This week is Carers Week, which is an annual campaign dedicated to raise awareness of the role carers provide. It’s important that a carer knows what decisions they can and can’t make for the individual they are caring for. This is particularly important where the person’s capacity fluctuates, as the carer must ensure they have the correct legal documentation in place to make decisions on the person’s behalf.
Under the Mental Capacity Act 2005, everyone over the age of 16 is presumed to have capacity unless it is proven otherwise. Even if the person you’re caring for has a Power of Attorney in place (see below) you must ensure they make their own decisions where they are capable of doing so. It is important to note that capacity must be assessed for each decision and at the time the decision is made.
For example, you cannot assume that the person you are caring for lacks capacity this week because they didn’t have capacity last week. Loss of capacity can be temporary and can be caused by short term illnesses for example a chest infection so can be quickly recovered.
A person shouldn’t be prevented from making a decision simply because they cannot verbally communicate this. You can’t assume they don’t have capacity simply because their communication is limited. If someone struggles with their speech, you could ask them to write their decisions down. If they’re unable to do this then you could use word boards and picture symbols for them to point to.
If someone doesn’t understand the question initially then you should try asking the question in a different way, ensuring you use plain English and avoid any legal or technical words. However you should avoid using questions that can be answered with a simple yes or no, as these questions don’t give opportunity for the person to show their understanding.
If the person you’re caring for has lost capacity and there is no legal documentation in place then you will not have the authority to manage any of their affairs on their behalf. This includes including paying bills, managing bank accounts, selling property and managing investments. There is a common misconception that a spouse has authority to deal with the other’s affairs. Another common misconception is that a parent can continue to manage a child’s affairs once the child is 18.
A third party mandate at the bank giving you the ability to access their account is only valid whilst they have capacity. This therefore shouldn’t be relied upon to manage their affairs.
Any Enduring Power of Attorney (EPA) made prior to October 2007 remains a valid document and can still be used by the attorneys. It was common for EPA’s to include a restriction saying the EPA could only be used if the person making the EPA (the donor) has lost capacity.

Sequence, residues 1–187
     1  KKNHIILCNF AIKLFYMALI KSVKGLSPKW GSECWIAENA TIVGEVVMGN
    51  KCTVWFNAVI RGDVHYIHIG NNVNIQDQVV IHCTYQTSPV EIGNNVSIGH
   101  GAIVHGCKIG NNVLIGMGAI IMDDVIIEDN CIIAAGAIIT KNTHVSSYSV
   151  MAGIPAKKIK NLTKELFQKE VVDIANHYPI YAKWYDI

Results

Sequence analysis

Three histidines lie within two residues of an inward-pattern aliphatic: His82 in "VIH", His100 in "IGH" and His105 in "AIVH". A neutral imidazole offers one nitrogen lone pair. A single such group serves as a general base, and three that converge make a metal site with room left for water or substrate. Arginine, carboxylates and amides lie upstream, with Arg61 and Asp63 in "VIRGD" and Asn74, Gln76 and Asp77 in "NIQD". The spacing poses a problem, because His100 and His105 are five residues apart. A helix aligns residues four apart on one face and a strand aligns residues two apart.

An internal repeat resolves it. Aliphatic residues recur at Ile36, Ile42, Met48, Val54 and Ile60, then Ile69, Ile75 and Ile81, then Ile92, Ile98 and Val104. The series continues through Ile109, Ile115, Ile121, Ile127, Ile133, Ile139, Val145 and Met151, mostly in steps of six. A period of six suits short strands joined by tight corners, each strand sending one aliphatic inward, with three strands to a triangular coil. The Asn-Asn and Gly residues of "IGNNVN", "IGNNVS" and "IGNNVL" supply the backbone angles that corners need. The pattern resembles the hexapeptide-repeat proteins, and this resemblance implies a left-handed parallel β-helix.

This means the attorneys cannot use the EPA if capacity fluctuates or if the donor is unable to deal with matters themselves, for example signing documents, due to a physical illness. In those circumstances the donor should revoke the EPA and make a Lasting Power of Attorney (LPA).
If the donor is losing or has lost capacity the EPA must be registered with the Office of the Public Guardian (OPG). We’ve seen examples where this registration requirement isn’t complied with. Often EPAs are used by the attorneys to deal with day to day affairs.
When the attorneys try to sell the property, advising the conveyancer that the donor has lost capacity, the conveyancer advises the EPA needs to be registered. The registration of the EPA can cause a delay to the sale completing and can result in the buyer withdrawing from the transaction.
Since 2007, to appoint attorneys, a donor has had to sign an LPA. LPAs must be registered with the OPG before they can be used by the attorneys.
If the person you are caring for doesn’t have a power of attorney in place then they should execute both types of LPAs, one for property and financial affairs and the other for health and welfare. By signing both types, it ensures the chosen attorneys can assist in all aspects of their life.
For an LPA to be valid, the person making the LPA must be able to demonstrate to the person acting as the certificate provider (the person signing to say the donor has capacity to make the LPA) that they understand what an LPA is, who they are appointing and why, the types of activities the attorneys can undertake for them, the consequences of not having an LPA and how this can be revoked.
A diagnosis of a mental health illness or memory loss doesn’t automatically mean an LPA cannot be made, but it is advisable to speak to a professional to ensure the donor can make the LPA in those circumstances.
Taking advice on the role of attorney, how many should be appointed and when they can act is extremely important. We’ve seen cases where lay people make the LPA and only one attorney is appointed, which causes difficulties with joint assets or if the attorney is unable to act.
If the person you are caring for doesn’t have an EPA or LPA in place and doesn’t have capacity to make a LPA then you should apply to the Court of Protection for a deputyship order. A deputyship order will give you the authority to manage their financial affairs on their behalf.
Once appointed as an attorney or a deputy, it’s vital that you keep full records of all decisions made on their behalf and evidence where you have involved the person themselves in making that decision. You must ensure you keep full accounting records of all financial transactions undertaken. It is also vital that you keep your own affairs separate from theirs. You mustn’t benefit from your position as an attorney or deputy.